Activate Your Free
Daily Archive : Sunday March 10, 2013
- Thursday Mar 7
- Friday Mar 8
- Saturday Mar 9
- Sunday Mar 10
- Monday Mar 11
- Tuesday Mar 12
- Wednesday Mar 13
Write-in candidates hope to overcome hefty odds
They're given little attention and even less chance of winning, so what drives people who mount campaigns as a write-in candidate for a local office? Candidates cite a variety of motivations for bucking the odds -- and express confidence that they will be among the rare write-ins to score a victory.
Victim of Elgin crash identified
One man is dead and a woman severely injured in a two-vehicle crash Sunday afternoon on Route 20 just east of Shales Parkway in Elgin, police said.
Highway patrol: ‘High rate of speed’ in Ohio SUV crash
Investigators were focused on speed as a key factor in the crash of a sport utility vehicle in northeast Ohio carrying eight teenagers that smashed into a guardrail and flipped over into a swampy pond, killing five boys and the young woman driving. While citing an unspecified "high rate" of speed, investigators wouldn't speculate on whether alcohol or drugs were involved in the crash that...
U of I can't move on if Chief still lightning rod
Banned by the NCAA since 2007 but still beloved by some students and alums, Chief Illiniwek won't be put to rest at the University of Illinois until officials find his replacement. "People are going to cling to it as long as there is nothing in its place," says recent U of I graduate Thomas Ferrarell, a Hawthorn Woods native.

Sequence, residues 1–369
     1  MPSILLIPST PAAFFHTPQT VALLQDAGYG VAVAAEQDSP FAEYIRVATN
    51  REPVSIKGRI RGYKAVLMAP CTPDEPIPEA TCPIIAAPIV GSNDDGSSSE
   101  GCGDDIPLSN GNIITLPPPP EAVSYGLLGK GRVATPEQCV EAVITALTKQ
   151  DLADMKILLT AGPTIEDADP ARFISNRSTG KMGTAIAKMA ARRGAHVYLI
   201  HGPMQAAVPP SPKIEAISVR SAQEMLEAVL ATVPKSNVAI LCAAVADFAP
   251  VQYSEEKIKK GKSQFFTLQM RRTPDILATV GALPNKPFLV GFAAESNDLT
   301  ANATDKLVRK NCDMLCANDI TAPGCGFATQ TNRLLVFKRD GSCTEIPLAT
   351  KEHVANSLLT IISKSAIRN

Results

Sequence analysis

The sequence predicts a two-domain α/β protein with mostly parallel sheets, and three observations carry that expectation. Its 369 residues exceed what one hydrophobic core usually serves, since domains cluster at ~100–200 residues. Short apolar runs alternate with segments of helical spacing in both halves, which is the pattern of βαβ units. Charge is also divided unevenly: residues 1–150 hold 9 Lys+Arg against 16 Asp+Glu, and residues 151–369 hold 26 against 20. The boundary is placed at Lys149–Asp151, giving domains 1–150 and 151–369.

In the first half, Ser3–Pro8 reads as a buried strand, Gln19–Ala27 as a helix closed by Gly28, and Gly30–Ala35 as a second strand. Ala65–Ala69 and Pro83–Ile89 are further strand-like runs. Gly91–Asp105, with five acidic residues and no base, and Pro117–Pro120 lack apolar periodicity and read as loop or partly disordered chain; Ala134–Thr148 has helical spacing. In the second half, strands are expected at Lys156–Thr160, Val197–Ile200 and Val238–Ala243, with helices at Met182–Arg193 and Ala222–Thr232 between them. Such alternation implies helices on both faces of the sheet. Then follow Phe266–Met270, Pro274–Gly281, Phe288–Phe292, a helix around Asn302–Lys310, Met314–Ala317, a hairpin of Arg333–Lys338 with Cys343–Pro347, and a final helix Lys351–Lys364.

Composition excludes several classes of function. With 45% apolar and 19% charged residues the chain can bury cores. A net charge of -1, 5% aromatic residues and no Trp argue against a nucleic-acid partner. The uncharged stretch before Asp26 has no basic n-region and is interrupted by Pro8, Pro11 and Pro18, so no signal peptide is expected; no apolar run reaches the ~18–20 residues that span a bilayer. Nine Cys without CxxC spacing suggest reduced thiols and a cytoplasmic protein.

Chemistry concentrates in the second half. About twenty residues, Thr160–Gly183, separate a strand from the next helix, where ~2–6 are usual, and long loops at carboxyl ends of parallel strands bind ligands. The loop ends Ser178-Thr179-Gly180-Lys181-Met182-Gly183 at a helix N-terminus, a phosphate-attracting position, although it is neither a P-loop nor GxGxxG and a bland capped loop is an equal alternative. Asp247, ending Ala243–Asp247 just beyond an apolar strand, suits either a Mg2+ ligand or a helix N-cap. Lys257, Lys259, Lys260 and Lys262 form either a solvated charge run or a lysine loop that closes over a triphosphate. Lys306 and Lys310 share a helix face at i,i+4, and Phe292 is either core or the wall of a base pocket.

Death investigation in Round Lake Beach
The Lake County Coroner’s office is conducting a death investigation on a body found early Sunday morning in Round Lake Beach, officials said. An autopsy was scheduled to take place Sunday, a coroner’s official said. Authorities declined to publicly identify the deceased, or give an age or gender of the person.
Images:The Week in Pictures
This edition of The Week in Pictures features flamenco dancers, more March snow, and shaved heads.
Triumphant 'Fiddler' closes out Paramount season
Paramount Theatre's production of “Fiddler on the Roof” marks a triumphant conclusion to its second Broadway season. In fact, artistic director Jim Corti's production rivals almost anything the Chicago area has to offer — including big-budget Broadway tours. Heartfelt, humorous and deeply compassionate, Corti's “Fiddler” is stellar. The production gets right every...
Security risks, frayed relations dog US, Afghans
A series of security problems and fractured relations with Afghan leaders plagued Defense Secretary Chuck Hagel's first trip here as Pentagon chief, including the Afghan president's accusations that the U.S. and the Taliban are working in concert to show that violence in the country will worsen if most coalition troops leave.